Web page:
the world together.
"Is that my house?" asked Cameron pointing wildly out the window.
"No Cameron, that's the pub," said Matthew, "our house is on the
"Is it a big one?"
"Yes Cammy. Look, over there. That's it. And look there's someone
As one family adventure ends... another begins as we await the
imminent expansion of the family
"Look there's Mummy," said Cameron
as the bus pulled up at the stop. Kirstie was over the road, standing
on the doorstep, waiting for us with her friend Kate. She'd had
to take the train home by herself because her bump was too big
to fly but she didn't return home alone; a welcoming party of
two good friends from the village surprised her at the station
and helped her home. Friends and relatives have been so supportive
throughout this trip, running us to the airport, keeping an eye
on the house, turning over the car, sending messages of support,
not to mention keeping us up to speed with village gossip and
the latest news from Heat magazine. I don't think we realised
what good friends we had around us until we went away.
"Who are those girls with Mummy?" asked Cameron.
"That's Holly and Megan," explained Matthew, "Holly is your friend."
"Is she the big one or the little one?"
Inside the house looked in good
shape, much cleaner, tidier and better decorated than I remembered
it. I'd forgotten about all the work we'd done to get the place
into shape before we left. And friends and relatives had been
in to freshen it up before we got back, hoovering, dusting, making
up beds, stocking the fridge, putting flowers on the mantelpiece,
champagne and chocolates on the dining room table. I couldn't
imagine a nicer space or more thoughtful group of people to come
It didn't matter whether Cameron
remembered Holly or not. Within a few minutes of arriving the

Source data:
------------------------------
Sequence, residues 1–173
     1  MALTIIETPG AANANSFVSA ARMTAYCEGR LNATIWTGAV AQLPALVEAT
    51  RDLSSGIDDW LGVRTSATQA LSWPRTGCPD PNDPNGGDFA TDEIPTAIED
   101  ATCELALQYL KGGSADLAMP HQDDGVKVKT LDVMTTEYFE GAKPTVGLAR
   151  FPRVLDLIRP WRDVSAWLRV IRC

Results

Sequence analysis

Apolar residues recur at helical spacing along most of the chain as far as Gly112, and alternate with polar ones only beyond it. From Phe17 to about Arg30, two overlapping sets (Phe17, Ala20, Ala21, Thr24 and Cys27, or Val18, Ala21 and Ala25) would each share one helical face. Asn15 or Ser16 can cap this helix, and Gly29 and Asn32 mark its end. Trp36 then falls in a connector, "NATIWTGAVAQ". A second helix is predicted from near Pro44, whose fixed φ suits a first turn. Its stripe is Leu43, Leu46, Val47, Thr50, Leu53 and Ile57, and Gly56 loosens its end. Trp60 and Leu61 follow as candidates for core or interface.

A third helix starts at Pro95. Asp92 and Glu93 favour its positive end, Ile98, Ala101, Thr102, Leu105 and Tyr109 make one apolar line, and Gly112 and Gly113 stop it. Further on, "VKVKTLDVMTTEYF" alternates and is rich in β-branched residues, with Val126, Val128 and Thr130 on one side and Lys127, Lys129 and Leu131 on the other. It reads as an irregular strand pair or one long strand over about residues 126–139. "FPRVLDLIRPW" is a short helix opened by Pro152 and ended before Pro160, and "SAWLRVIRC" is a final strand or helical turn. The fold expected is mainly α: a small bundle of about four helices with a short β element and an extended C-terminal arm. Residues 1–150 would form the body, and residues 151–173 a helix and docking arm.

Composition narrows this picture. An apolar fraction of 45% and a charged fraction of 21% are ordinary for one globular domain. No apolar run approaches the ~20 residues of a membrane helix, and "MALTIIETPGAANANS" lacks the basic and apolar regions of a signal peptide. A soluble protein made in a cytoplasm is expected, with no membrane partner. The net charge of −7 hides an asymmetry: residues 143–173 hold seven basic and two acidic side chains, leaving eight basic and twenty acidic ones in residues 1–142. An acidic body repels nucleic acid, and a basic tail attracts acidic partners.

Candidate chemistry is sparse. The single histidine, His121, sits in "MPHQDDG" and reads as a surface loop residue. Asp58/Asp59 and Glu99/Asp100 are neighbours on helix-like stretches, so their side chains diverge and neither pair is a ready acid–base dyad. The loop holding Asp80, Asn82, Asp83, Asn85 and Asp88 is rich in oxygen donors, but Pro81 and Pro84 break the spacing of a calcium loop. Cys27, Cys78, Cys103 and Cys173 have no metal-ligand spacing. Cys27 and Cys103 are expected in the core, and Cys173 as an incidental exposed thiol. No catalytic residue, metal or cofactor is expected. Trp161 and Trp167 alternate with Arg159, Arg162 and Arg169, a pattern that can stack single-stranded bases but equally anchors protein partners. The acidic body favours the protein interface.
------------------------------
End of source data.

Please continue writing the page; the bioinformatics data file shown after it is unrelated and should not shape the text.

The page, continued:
shyness was gone as the four young playmates tore around the house
rediscovering playrooms, bedrooms and bathrooms and unearthing
long forgotten delights from creaky old toy boxes.
"Oh look, lego, we've got lego and a train set, with trains and
a Thomas train."
"Hey mum, I've got a dressing gown and pyjamas."
"And we've got bath toys and a bath and bubble bath, lots of bubble
bath and story books for bedtime. Can we have stories at bedtime
"And there's a cot in Cameron's bedroom Mum. Is that for baby
The excitement was palpable, like Christmas, birthdays and Easter
all come at once. I felt it myself as I wandered around, but something
about the place wasn't right. I remembered something my sister
said about the house in one of her emails, "Your place looks terribly
clean but what it really needs is some toys spreading about, and
a layer of biscuit crumbs on the sofa, and toys in the bath and
clothes on the stairs and an overflowing laundry basket.........it
is crying out to be lived in again, to come alive with a family."
Now I understood what she meant. Still it looked like it wouldn't
take the boys long to put that right.
"Daddy, Daddy. I've got a bike and a scooter, an action man scooter,
a big one," squealed Cameron as he ran in from a recce in the
"No that's my action man scooter Cameron," screamed Matthew tailing
in behind him, "You can have the small one. Dad, tell Cameron
the big scooter is my one."
Since we got home the boys have really enjoyed catching up with
friends and relatives
It's a strange sensation coming
home after so long on the road. There's a fleeting sense of unfamiliarity
in a very familiar place, a short time in which you see your house,
home and possessions from a distance, like they are not your own,